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# Enthalpy of formation watch

1. This is something I really should be able to do by now, but I've never fully got to grips with it. What do I do? I know it should be roughly +460kjmol^-1
2. (Original post by The Wavefunction)
This is something I really should be able to do by now, but I've never fully got to grips with it. What do I do? I know it should be roughly +460kjmol^-1
Is that the answer which was given or did you calculate the enthalpy? if you calculated, could I have a look on your calculation, please?
3. (Original post by Kallisto)
Is that the answer which was given or did you calculate the enthalpy? if you calculated, could I have a look on your calculation, please?
Do you know the definition of enthalpy of formation?
4. (Original post by charco)
Do you know the definition of enthalpy of formation?
Do you mean the kind of enthalpy where the conditions are standard, so 25 °C (298,15 K) and 1013 kPa? is that right?
5. (Original post by Kallisto)
Is that the answer which was given or did you calculate the enthalpy? if you calculated, could I have a look on your calculation, please?
Wikipedia states that the value is +460kjmol^-1.
6. (Original post by The Wavefunction)
Wikipedia states that the value is +460kjmol^-1.
I have got +466 kjmol^-1:

E = E(S-N) + E(S=N) - E(S4N4) = 226 kjmol^-1 + 328 kjmol^-1 - 88 kjmol^-1 = 466 kjmol^-1

This result is very close to Wikipedia's given value. Seems to be plausible, as S4N4 consists of S-N and S=N bonds.
7. (Original post by Kallisto)
I have got +466 kjmol^-1:

E = E(S-N) + E(S=N) - E(S4N4) = 226 kjmol^-1 + 328 kjmol^-1 - 88 kjmol^-1 = 466 kjmol^-1

This result is very close to Wikipedia's given value. Seems to be plausible, as S4N4 consists of S-N and S=N bonds.
Wouldn't you have to take into account the number of S=N bonds and S-N bonds?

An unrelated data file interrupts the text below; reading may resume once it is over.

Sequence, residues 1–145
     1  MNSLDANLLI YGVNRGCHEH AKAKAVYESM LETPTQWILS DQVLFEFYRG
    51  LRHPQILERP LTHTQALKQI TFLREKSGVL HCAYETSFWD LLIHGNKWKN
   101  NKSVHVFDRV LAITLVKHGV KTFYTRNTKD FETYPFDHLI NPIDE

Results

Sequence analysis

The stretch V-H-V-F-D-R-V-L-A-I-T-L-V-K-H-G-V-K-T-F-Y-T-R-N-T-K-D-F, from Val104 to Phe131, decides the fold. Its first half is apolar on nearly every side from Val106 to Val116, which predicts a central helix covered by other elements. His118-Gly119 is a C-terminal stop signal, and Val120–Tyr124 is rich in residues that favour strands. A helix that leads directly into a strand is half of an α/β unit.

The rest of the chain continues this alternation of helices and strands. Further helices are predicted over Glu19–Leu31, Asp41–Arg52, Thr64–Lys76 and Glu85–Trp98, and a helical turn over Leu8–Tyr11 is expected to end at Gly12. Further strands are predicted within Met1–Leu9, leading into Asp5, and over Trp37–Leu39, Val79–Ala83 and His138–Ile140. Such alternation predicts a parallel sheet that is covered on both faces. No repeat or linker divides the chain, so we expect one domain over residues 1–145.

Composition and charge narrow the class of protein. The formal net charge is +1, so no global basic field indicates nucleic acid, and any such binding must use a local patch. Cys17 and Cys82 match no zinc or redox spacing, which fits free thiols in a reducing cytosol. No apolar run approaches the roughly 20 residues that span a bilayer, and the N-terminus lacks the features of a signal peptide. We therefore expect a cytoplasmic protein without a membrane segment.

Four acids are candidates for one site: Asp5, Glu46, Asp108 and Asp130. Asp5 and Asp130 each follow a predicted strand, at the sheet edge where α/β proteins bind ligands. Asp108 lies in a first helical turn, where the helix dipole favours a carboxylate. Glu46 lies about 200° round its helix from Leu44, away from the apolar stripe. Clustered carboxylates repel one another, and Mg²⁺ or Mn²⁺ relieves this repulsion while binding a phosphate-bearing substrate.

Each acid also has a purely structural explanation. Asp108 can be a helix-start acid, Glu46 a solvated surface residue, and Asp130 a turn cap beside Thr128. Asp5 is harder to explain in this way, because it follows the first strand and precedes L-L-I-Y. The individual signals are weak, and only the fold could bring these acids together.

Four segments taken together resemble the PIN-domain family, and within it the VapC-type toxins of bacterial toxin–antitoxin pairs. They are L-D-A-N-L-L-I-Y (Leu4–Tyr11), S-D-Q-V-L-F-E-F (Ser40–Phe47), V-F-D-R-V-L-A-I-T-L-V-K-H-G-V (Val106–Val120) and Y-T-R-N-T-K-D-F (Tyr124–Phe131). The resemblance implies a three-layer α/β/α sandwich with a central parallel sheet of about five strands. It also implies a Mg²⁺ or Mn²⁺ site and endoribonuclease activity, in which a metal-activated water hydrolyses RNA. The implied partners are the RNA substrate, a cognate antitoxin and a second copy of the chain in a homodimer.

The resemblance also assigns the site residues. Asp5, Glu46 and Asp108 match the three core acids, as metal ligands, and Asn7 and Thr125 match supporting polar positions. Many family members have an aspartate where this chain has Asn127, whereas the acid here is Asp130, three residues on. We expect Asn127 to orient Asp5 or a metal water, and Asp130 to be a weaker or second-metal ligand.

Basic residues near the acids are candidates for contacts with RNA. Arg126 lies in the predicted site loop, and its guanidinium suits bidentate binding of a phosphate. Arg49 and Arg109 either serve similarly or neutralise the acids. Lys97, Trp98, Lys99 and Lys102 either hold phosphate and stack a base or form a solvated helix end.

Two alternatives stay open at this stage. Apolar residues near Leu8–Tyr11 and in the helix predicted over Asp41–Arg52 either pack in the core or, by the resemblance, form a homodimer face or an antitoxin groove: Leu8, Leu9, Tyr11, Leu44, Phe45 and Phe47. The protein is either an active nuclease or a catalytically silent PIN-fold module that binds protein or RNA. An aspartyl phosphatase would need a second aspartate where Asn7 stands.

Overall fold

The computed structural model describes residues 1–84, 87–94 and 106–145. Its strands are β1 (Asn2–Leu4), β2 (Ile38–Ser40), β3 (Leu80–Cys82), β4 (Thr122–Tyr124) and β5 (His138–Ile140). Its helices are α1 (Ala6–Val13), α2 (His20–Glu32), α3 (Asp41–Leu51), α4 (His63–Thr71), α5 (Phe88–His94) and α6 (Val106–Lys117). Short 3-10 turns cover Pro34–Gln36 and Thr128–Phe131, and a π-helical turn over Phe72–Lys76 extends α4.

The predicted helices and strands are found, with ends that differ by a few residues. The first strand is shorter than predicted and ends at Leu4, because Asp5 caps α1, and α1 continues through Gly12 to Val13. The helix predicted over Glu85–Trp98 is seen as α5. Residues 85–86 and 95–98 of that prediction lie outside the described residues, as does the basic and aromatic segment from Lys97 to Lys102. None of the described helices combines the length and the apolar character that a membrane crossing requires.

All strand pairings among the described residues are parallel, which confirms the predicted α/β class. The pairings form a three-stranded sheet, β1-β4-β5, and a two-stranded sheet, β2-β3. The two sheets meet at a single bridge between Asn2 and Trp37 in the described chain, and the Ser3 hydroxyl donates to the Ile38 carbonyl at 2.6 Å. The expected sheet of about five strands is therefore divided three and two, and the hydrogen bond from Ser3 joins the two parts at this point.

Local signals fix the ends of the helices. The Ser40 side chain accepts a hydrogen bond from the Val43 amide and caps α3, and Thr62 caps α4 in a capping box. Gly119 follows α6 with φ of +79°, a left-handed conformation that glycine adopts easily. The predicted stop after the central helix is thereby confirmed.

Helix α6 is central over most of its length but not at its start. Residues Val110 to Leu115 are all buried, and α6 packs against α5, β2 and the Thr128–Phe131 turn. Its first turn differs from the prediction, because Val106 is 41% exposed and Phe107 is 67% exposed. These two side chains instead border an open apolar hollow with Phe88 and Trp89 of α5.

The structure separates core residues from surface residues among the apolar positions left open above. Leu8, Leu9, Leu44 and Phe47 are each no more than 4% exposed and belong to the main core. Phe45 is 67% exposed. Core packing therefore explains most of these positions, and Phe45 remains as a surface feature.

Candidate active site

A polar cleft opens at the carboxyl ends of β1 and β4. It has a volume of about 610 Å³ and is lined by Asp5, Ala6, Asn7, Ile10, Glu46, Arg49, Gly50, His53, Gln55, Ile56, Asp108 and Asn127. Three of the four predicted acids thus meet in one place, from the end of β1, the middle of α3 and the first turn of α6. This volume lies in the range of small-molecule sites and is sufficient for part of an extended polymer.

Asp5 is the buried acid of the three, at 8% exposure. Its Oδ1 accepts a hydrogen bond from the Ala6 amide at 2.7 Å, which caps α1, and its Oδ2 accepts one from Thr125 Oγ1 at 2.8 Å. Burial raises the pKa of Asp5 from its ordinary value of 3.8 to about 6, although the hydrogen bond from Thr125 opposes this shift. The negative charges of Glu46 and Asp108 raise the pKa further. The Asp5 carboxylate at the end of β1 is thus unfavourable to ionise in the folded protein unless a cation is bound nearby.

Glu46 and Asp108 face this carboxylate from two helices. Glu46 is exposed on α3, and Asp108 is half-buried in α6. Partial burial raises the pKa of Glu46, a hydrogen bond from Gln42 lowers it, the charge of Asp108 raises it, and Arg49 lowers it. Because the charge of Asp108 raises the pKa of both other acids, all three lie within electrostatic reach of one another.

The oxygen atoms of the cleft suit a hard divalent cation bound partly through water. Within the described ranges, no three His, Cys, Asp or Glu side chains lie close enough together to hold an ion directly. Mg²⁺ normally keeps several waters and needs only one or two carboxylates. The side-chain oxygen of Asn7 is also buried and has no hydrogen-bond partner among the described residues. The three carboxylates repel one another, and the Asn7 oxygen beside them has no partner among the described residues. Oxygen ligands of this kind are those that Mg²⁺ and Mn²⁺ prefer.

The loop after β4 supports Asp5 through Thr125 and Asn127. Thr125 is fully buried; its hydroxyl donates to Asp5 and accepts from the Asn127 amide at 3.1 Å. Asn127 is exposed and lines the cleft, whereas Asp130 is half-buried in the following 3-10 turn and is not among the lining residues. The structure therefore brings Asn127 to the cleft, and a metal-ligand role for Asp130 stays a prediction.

8. (Original post by Kallisto)
Do you mean the kind of enthalpy where the conditions are standard, so 25 °C (298,15 K) and 1013 kPa? is that right?
No.

I mean that the enthalpy of formation is the energy change when 1 mol of a substance is formed from its constituent elements in the standard states.

While bond enthalpy terms are always from molecules in the gaseous state.

Hence you must take into account the enthalpy of vapourisation of sulphur etc.
9. (Original post by charco)
No.

I mean that the enthalpy of formation is the energy change when 1 mol of a substance is formed from its constituent elements in the standard states.

While bond enthalpy terms are always from molecules in the gaseous state.

Hence you must take into account the enthalpy of vapourisation of sulphur etc.
You seem to be pretty clued up on this, any idea what I do?
10. (Original post by The Wavefunction)
You seem to be pretty clued up on this, any idea what I do?
You write an equation for the formation of your product. From the elements (A) in their standard states to the product (B).

You can then use the enthalpy of vapourisation to get everything into gas that needs to be.

Then you construct an energy cycle to get from A to B in your equation.

The sum of the steps from A to B is always the same no matter what route you take (Hess).

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Updated: November 8, 2015
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